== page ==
It was found that they are not 'stray' or 'conflict' animals, but residents in human-dominated areas, said Vidya Athreya of Wildlife Conservation Society. Moreover, two of the females even gave birth to cubs during the course of the study, confirming their residence.
A number of cases of man-animal conflict involving leopards, hit by habitat loss, have been reported from all over the country. The study, however, found that the big cats applied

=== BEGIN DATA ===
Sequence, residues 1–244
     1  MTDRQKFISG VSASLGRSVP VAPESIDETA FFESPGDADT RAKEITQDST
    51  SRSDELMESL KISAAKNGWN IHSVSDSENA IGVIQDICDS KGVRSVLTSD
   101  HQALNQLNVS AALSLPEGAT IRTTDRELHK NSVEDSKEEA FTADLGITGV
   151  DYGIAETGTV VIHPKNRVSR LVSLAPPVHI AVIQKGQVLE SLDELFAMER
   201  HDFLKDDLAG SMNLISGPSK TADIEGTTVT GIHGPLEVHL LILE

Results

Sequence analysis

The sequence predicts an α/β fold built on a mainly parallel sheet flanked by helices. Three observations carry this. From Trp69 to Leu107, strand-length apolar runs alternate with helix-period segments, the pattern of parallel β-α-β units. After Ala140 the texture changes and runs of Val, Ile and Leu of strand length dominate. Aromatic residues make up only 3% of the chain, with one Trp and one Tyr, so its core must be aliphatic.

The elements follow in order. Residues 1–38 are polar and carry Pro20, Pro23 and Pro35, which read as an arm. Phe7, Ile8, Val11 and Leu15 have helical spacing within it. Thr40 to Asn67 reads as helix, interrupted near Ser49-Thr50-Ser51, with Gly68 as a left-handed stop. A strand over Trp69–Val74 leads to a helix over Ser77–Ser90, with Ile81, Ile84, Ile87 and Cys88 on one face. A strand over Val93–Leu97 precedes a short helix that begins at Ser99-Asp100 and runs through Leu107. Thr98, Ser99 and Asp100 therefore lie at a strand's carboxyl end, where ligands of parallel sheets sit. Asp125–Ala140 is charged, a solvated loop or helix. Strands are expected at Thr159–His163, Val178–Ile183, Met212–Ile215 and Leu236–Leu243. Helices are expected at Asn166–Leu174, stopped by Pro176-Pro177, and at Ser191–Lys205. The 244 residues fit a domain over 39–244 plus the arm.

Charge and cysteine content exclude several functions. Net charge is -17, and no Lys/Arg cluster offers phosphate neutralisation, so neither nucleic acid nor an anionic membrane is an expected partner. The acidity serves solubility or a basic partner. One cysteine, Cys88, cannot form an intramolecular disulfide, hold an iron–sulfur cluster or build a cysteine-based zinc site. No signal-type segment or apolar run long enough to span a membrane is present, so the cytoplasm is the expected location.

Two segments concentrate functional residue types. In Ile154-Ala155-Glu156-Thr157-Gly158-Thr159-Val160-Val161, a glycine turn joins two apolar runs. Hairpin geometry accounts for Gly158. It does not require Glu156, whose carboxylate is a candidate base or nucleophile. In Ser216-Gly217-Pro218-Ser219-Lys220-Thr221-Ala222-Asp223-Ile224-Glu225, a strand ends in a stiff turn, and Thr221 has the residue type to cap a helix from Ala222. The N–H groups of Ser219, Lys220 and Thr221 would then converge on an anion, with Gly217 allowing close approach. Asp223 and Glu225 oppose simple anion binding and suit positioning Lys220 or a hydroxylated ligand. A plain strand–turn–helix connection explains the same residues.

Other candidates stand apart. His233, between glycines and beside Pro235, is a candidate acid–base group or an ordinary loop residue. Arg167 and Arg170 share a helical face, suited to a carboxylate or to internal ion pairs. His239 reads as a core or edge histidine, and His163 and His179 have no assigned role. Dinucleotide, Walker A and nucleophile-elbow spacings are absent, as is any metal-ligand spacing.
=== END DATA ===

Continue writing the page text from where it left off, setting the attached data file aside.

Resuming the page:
tactics to avoid encountering people, despite dependence on their resources.

Firstly, the animals mostly moved at night, which timed perfectly with low human activity. They also spent more time closer to homes, less than 25 metre in many location recordings, at night, than during the day.

"This gave them an access to people's livestock, and yet kept them safe from people," Athreya explained. Scientists from Norway, Asian Nature Conservation Foundation and experts from the forest departments of Himachal Pradesh and Maharashtra took part in this study.

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